WikiCoin: Proof of Stake

  • David Dinkins
    📚 WikiCoin

    Proof of Stake is an alternative to mining that’s been getting a lot of attention and could be much more energy efficient.


WikiCoin: Proof of Stake

Proof of Stake (POS) is a consensus mechanism that requires proof of ownership of the network’s coins before a person can add blocks to the Blockchain. Proof of Stake networks probabilistically selects a user to “validate” or “forge” the next block, adding it to the Blockchain. Users can only be selected to add to the Blockchain if their coins are “staked” using the network’s wallet. Users are incentivized to stake their coins by being rewarded with new tokens each time they successfully forge a block.

Proof of Stake comes in a number of different forms, but generally speaking, the more coins a person owns, the more likely they are to be chosen to add to the Blockchain. This promotes some network centralization. However, Proof of Work suffers from the same deficiency, since miners with more mining computers and thus more hash power are able to subject the network to centralization risk as well.

Proof of Stake suffers from a key weakness, called the “nothing at stake” problem. If the network is attacked by a bad actor, the economically rational thing to do is for each forger to forge on both the legitimate and the illegitimate Blockchain. This enables them to hedge their bets, by ensuring they are rewarded for their work no matter who “wins.” Proof of Work isn’t subject to this problem since it’s only possible to mine on one Blockchain at a time. Since Proof of Stake doesn’t require the expenditure of resources (like electricity), there is no cost to forging on multiple versions of the network’s Blockchain.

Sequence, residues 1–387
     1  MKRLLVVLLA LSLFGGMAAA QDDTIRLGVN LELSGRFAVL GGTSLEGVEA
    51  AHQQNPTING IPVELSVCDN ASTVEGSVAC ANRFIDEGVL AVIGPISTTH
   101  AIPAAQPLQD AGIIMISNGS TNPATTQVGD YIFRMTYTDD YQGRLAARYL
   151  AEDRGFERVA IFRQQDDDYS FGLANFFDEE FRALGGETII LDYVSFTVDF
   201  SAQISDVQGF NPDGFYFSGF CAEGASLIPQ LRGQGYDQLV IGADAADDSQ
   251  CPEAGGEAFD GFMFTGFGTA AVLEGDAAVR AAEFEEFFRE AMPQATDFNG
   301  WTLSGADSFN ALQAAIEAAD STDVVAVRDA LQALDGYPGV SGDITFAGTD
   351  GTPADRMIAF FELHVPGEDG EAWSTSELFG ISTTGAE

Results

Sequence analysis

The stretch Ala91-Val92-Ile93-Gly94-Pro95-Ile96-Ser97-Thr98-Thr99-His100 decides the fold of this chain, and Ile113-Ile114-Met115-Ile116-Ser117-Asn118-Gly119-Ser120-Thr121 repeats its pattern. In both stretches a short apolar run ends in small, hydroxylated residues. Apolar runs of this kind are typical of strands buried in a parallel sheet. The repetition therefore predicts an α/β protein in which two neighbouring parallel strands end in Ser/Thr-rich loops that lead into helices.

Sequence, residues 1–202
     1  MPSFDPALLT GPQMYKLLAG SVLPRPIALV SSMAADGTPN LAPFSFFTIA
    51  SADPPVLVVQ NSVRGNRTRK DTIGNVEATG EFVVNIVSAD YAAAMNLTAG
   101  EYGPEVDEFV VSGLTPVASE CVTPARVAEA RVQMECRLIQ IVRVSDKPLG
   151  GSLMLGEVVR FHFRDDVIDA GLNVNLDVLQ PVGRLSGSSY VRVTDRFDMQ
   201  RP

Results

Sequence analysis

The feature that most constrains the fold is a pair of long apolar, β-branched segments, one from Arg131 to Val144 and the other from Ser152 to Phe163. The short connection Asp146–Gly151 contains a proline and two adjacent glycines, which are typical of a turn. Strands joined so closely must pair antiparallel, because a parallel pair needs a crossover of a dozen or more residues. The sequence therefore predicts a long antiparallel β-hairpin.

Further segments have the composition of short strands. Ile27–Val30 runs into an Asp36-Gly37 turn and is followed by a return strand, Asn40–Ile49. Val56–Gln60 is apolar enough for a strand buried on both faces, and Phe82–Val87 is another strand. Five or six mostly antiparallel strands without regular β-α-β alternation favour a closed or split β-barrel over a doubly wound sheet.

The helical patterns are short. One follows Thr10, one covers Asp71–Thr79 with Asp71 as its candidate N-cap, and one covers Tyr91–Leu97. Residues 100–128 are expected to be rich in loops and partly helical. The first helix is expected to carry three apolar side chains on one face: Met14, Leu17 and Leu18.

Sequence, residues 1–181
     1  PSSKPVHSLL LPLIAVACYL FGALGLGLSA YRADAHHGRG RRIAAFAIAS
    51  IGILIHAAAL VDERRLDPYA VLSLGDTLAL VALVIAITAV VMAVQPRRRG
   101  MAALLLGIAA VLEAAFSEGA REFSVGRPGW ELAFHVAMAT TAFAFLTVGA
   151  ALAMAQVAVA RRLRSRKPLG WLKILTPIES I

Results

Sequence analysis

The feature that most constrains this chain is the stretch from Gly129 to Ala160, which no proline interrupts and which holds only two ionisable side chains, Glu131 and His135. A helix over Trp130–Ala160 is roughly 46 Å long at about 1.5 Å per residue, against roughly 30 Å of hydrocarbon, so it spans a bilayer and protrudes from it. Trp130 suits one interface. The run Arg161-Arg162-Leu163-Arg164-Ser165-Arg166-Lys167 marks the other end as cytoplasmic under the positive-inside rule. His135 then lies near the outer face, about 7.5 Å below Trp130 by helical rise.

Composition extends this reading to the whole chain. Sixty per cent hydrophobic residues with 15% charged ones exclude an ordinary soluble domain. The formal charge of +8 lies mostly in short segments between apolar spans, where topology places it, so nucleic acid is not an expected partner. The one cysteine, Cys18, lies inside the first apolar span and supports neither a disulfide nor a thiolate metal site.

Ethereum is currently trying to solve the “nothing at stake” problem with a system called Casper. In this Proof of Stake implementation, validators “stake” their coins, but if the network determines they are acting maliciously (trying to mine on the legitimate Blockchain and an attacker’s Blockchain, for instance), they will suffer a penalty. Some of the coins they put up as stake are taken from them by the network. One weakness of this system is that validators who go offline, even accidentally, are punished.

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About the author

David Dinkins is a freelance writer who holds a Master of Arts in history from Louisiana Tech University and has extensive teaching experience both at LSU – Shreveport and University of Phoenix. He got involved with cryptocurrency in early 2014 working as part of the Dash Core Team and have served in the role of writer/editor (mostly editor) during that time. He has edited a huge number of documents for the Core Team, including the Evolution whitepaper, the PrivateSend whitepaper, and many of Evan Duffield’s communications with the Dash Community.

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